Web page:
I made my own teeth for the restorations, so I know they will last. I didn’t put a lot of porcelain in the occlusion. I kept it all ingot, which makes it much stronger. Every time you add porcelain, the reconstruction is only as strong as that porcelain. Aesthetically, using ingot instead of porcelain is a bit of a compromise, but just a bit. It still looks good. The porcelain adds depth and translucency, but most people don’t see the occlusion. I wasn’t too worried because most of the “pretty” stuff is on the front where people see it.

I’ve been living with the new reconstruction for a few months now and haven’t had any problems at all—they seem to be holding up well. I haven’t noticed any problems or any issues. The difference in my smile is subtle enough that others don’t really notice it—the change was mostly for my own personal benefit.

Changing reconstructions from one material to another doesn’t account for a dramatic difference, as far as appearance is concerned. There are some translucency differences, but the differences are noticeable more often in the small details—the things you can’t see, but you can feel. I know that the teeth in my mouth are better than the ones I had before.

Just Doing My Job
I now have firsthand experience with what patients go through during large-case dentistry, and this experience helps me in my work. That’s why some doctors decide to get their own teeth done—so they can experience what their patients feel. Hopefully that level of understanding will lead to better diagnoses and doctors can better understand their patients’ needs and wants. It’s hard to completely understand what patients go through without having a reconstruction done.

The most surprising thing to me about the process (after the first reconstruction) was my occlusion. My first crowns had a nice, bumpy anatomy and looked natural. But in the mouth, natural teeth are actually slightly worn. Teeth don’t have that “virgin” anatomy—they are worn down every single day from use. As a result, the manufactured teeth felt unnaturally bumpy and sharp, and I always felt like I had “stuff” in my teeth.

For the second set of crowns, I made the teeth much smoother. They still have a nice, detailed anatomy, but they’re more smooth and functional. As a technician, learning to contour comes with experience, and learning such things as the Curve of Spee and the Curve of Wilson are critical to job performance.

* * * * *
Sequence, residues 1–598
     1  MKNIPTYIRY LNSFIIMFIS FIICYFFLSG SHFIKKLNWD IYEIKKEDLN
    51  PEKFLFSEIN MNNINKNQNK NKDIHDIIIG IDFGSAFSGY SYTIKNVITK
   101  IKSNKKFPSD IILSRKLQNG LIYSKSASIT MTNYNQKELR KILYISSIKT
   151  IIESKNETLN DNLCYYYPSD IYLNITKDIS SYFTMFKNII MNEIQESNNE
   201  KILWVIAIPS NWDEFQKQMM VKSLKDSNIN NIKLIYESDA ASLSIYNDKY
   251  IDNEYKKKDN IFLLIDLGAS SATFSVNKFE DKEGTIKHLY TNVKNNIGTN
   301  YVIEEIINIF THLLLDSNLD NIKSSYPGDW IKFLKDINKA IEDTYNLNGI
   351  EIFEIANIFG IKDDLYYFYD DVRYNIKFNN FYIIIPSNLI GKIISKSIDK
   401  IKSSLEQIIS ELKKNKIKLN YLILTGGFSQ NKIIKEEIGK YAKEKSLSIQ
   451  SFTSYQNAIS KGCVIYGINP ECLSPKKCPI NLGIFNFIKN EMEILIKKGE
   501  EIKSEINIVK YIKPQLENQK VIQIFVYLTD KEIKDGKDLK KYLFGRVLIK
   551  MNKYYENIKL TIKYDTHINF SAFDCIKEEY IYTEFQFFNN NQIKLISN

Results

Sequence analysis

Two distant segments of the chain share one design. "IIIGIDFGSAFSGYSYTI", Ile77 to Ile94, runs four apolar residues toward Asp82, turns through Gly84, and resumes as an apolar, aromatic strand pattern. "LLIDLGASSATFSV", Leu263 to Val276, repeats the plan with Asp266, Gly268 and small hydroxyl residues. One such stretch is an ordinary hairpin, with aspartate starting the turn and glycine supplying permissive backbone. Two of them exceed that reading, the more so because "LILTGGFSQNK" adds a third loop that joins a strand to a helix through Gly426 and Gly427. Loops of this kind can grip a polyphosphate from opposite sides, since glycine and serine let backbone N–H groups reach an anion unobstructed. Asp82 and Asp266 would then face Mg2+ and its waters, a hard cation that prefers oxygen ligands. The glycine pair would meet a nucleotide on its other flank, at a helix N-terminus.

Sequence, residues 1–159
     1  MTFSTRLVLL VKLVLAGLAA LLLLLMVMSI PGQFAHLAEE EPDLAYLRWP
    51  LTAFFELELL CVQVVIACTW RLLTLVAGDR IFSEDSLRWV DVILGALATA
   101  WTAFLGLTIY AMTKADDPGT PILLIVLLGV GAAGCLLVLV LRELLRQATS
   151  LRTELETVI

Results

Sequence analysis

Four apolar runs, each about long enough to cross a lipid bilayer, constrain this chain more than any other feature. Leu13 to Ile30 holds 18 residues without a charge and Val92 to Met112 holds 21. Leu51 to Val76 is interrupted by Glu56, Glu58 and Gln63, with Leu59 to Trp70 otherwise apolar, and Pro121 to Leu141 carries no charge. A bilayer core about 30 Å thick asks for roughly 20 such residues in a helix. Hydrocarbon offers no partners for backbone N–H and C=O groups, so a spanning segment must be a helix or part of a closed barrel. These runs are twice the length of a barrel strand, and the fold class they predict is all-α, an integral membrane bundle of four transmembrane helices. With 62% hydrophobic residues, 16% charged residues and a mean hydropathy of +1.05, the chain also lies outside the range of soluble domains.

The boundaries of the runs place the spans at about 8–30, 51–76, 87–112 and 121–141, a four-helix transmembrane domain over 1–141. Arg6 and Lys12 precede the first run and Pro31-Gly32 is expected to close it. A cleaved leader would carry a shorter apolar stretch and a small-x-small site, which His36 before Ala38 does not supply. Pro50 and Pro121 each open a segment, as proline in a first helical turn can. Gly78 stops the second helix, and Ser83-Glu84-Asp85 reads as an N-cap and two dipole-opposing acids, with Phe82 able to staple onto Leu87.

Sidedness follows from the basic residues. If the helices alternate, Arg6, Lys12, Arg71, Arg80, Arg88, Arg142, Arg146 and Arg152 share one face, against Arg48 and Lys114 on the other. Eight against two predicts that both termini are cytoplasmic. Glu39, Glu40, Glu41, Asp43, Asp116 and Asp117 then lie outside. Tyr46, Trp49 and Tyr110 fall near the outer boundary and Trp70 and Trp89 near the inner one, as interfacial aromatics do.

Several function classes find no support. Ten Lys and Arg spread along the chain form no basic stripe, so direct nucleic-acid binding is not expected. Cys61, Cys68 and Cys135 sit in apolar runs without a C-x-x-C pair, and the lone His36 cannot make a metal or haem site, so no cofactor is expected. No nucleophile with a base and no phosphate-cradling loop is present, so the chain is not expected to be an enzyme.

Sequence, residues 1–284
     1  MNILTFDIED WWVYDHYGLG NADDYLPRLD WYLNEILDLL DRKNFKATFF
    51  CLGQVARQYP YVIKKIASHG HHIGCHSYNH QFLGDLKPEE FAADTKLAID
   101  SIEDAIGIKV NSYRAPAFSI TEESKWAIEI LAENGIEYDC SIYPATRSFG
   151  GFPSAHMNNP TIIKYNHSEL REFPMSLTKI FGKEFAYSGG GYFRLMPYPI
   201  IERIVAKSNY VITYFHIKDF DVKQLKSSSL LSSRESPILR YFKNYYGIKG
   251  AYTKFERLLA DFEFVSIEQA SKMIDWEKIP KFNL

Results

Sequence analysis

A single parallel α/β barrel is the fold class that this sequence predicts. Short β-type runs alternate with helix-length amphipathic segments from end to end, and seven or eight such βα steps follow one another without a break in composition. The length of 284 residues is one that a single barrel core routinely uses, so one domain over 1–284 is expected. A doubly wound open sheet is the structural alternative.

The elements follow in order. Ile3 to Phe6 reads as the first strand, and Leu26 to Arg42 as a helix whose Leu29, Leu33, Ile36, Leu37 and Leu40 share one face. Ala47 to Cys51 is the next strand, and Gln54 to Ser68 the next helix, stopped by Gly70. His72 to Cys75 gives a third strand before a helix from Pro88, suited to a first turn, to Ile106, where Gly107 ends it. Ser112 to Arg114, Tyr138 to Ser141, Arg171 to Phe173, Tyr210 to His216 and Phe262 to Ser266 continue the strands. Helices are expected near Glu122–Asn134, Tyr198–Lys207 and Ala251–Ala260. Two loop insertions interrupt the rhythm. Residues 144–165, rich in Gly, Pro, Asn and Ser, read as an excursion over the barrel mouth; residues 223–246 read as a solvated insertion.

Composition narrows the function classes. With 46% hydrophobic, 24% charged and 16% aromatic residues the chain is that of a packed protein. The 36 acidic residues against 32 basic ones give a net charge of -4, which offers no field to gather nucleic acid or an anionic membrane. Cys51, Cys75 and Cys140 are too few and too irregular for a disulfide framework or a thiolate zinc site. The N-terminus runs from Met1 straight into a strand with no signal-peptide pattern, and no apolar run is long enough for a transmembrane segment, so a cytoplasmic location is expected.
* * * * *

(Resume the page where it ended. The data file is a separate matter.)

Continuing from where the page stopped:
As technicians, we’re taught (at least in our lab) to stack the anatomy in (which means to include the bumps and crevices similar to what is found on natural teeth). All the bumps and anatomy that techs include look pretty, but when they put it in the teeth, sometimes it doesn’t feel as pretty as it looks. If something is a bit off, it’s like having a sesame seed in your tooth—it may be small (almost imperceptible to the naked eye), but you can really feel it.

When we were stacking in the anatomy the second time around, I had learned about all of the things that felt uncomfortable or just a bit “off” in my mouth. Therefore, I learned what things can cause discomforts for patients and I learned to change up the techniques and adapt to this new knowledge.

Patient-Technician Advice
After undergoing a full arch reconstruction twice, the biggest thing I have learned is that for doctors and technicians to do their best job and be on the same page, there needs to be clear communication. Doctors should provide technicians with study models, shade tabs, and pictures. Technicians need those tools to make the tooth or teeth match the patient’s and doctor’s expectations.

Some doctors will send a shade and say, “A1,” and then it’s left to the technicians to guess the rest. At times, the majority of the technical work is guesswork. But for a doctor to be extraordinarily successful and to have fewer problems and frustrations, the technician needs to have study models, shade tabs, photos, the patient’s profile, and the patient’s expectations in advance. It’s extremely helpful for technicians to know what that patient’s expectations are for their restorations.

The better that doctors and labs communicate on such issues, the better the results will be for the patients—it makes it easier for doctors and the lab to deliver a slam-dunk case. Otherwise, doctors are just hoping for the best, and are letting someone else determine what the patient is going to look like.

My teeth perfectly matched my expectations because I worked on them! They were exactly what I wanted. The biggest difference from the original restorations (besides the material) is that I lengthened the teeth somewhat. They’re the same size and shape, so there wasn’t a lot to get used to. I didn’t make many changes to them, except for the incisor translucencies and effects.

My smile makeover gave me a greater understanding of what patients go through, and now I am able to perform my job better. I think every cosmetic dentist should consider having his or her teeth done at some point, because it opens up a whole new perspective. Doctors can’t completely understand their patients until they do it. But once they do, it’s a whole new world of understanding!